by Stephanie Reisner
I have been fortunate enough to experience animals in my life from a very young age—from wild animals (a plethora of which I recall asking my parents’ permission to keep) to farm animals to zoo animals—because I grew up in northern Wisconsin where seeing a bear or bobcat in your backyard was mundane. This has instilled in me ambivalence about animals as pets. Today, I am an exotic pet owner. The definition of “exotic pet” is an evolving one and can vary depending on the context; the more popular a certain type of pet becomes, ferrets for example, the less exotic they seem. Granted, I do not have anything as jaw-droppingly grandiose as a tiger, odd as a Pantagonian Cavy, squeezabley adorable as the Fennec Fox, or even anything as singularly cute and unique as a Squirrel Monkey, but I do have Sugar Gliders—which I call my Gremlins (Crabby, Twitch, Gizmo, and Sterling Archer)! These four little fur balls are in addition to my three domestic cats (Smalls, Smokey, and Dynamo) and one Bearded Dragon (Spike)—which I’m proud to say is going to be 11 years old this summer!
A Sugar Glider is a small marsupial possum native to Australia that lives in family colonies which spend most of their lives in trees; they glide from tree to tree similar to flying squirrels. Like most exotic pets they have a specialized diet which you generally cannot buy at your local pet store. I call them my Gremlins because like the mythical creatures that starred in the popular Warner Brother’s horror-comedy film of the 80’s, their care requires following the same three rules: 1. Don’t expose them to bright light (Sugar Gliders are nocturnal), 2. Never get them wet (Sugar Gliders bathe themselves like cats and also will drown very quickly), and 3. Don’t feed them after midnight (okay, so this rule actually doesn’t apply; they most definitely can and should be fed after midnight since they are nocturnal creatures, just watch your fingers when feeding insects). But to be more precise about why I call them my Gremlins, they just fit the bill; they are mischievous, speedy, tenacious little brats—when they’re not sleeping. Although owning such a curious and entertaining pet has filled me with joy, I often ponder at how they came into my life. They were all abandoned by their owners after realizing the special, and sometimes tedious, care required to keep them. Or they were rescued from a dire situation resulting from an uneducated, unprepared owner—in one shocking case the owner didn’t even know they are nocturnal! When I dwell on the issue for too long, frustration begins to swell up inside me because I wish that all animals could be free, and yet I find joy in the experience of animal ownership. Although the absurdity of any living creature being forced to live life in a cage, completely dependent on someone else, tugs at my heartstrings, I find it even more horrifying that this is so easy to accomplish. For that reason I feel the United States government should place tougher restrictions on private ownership of exotic pets and also better enforce the already existing regulations.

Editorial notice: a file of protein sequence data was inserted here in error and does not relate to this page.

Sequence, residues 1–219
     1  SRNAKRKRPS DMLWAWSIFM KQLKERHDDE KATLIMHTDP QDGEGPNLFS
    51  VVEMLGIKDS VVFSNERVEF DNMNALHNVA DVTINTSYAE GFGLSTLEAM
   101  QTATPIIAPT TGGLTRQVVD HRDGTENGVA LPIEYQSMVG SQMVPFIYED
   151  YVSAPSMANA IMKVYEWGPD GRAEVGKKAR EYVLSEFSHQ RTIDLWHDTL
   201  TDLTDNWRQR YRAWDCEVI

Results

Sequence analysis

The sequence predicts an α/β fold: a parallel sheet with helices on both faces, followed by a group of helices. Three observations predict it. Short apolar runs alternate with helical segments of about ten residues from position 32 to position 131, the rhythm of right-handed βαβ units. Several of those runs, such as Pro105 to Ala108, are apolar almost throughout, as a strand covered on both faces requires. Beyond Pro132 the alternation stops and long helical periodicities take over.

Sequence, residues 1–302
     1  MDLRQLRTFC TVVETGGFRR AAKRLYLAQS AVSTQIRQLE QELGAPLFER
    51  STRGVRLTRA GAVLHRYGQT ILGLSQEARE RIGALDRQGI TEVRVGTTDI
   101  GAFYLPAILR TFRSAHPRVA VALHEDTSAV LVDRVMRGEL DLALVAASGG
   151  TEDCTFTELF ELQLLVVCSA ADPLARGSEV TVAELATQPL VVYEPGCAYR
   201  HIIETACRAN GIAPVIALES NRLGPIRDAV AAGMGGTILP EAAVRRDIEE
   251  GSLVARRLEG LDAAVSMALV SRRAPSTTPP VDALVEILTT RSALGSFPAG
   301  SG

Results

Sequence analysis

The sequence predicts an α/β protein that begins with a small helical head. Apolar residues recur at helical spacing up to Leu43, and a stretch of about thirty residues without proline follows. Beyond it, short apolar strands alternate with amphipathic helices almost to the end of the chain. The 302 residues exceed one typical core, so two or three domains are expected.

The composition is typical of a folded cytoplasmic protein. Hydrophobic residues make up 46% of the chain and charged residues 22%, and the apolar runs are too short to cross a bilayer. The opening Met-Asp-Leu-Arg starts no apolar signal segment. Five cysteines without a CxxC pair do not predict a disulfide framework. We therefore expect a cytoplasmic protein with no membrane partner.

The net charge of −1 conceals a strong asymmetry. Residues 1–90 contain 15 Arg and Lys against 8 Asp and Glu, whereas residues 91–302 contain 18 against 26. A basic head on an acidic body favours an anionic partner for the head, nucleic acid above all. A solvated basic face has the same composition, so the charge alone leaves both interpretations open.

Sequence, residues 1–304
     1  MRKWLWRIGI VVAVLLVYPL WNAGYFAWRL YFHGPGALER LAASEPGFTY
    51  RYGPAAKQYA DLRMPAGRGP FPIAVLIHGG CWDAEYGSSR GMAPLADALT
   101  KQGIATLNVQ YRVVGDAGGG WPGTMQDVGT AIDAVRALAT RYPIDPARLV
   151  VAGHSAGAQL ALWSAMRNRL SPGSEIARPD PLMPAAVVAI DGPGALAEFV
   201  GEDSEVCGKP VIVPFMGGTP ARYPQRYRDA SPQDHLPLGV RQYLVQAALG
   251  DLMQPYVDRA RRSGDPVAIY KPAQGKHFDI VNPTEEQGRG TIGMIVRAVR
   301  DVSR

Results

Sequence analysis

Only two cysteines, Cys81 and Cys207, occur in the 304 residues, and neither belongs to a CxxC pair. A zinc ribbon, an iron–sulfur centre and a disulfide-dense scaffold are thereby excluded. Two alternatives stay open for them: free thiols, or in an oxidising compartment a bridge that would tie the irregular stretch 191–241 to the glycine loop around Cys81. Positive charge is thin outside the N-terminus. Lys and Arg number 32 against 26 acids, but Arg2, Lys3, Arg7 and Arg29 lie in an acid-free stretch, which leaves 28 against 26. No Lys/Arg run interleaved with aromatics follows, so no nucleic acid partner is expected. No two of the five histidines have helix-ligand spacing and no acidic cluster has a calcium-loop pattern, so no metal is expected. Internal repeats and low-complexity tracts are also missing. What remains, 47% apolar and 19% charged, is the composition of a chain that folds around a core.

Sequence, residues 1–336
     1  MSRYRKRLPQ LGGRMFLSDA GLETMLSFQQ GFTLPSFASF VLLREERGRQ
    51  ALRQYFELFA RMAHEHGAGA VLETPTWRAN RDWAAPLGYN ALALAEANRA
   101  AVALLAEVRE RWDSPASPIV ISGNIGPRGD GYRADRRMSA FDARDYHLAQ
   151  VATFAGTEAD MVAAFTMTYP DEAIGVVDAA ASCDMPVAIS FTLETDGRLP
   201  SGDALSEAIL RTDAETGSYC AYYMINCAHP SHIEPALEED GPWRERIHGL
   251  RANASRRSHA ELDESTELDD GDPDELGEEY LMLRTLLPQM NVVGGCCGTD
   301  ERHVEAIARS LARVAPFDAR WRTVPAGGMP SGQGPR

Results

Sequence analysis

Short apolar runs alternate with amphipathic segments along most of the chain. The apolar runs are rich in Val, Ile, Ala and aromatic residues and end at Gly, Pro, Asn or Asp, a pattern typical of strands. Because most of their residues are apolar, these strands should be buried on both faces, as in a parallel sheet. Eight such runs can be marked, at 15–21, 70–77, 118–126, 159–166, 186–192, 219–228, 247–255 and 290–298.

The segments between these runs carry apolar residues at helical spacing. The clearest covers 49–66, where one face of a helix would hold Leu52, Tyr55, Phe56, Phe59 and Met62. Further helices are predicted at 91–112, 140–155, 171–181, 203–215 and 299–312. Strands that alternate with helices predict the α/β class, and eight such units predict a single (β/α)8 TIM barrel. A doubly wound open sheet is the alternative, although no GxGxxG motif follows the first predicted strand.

Sadly there are too many animal shelters overflowing with unwanted pets—millions of which are being euthanized each year to make room for more. I blame this on an attitude in America that is being cultivated by the ever enduring supply and demand for pets, rendering them as expendable commodities for our pleasure. Exotic pets are readily available for our choosing, without so much as having to demonstrate you have any knowledge of how to provide for the animals’ welfare. Unfortunately for the vast majority of these animals, when they become unwanted or unwelcome, they cannot be dumped off at the local animal shelter as easily as a cat or dog. They usually bounce from home to home until they meet their fate or end up with someone, like myself, who makes the time to be educated and is dedicated to providing for the animal’s best interest. What’s worse is that once someone obtains a female and male, whether related or not, the potential for breeding becomes a reality; many people exploit these animals in that respect on venues such as craigslist.org, without any regulation. Although Sugar Gliders don’t technically reproduce the way the 80’s film Gremlins do—getting wet forcing them to almost immediately convulsively pop out gooey blobs of babies—they do give them a run for their money. Females have two uteruses and two vaginas and males have a forked penis. Unfortunately, due to uneducated or exploitative owners, this generates a perpetual cycle of unwanted Sugar Gliders and when they do find a home with possibly another uneducated or exploitative owner the cycle may start all over again . . . and therein lies the problem.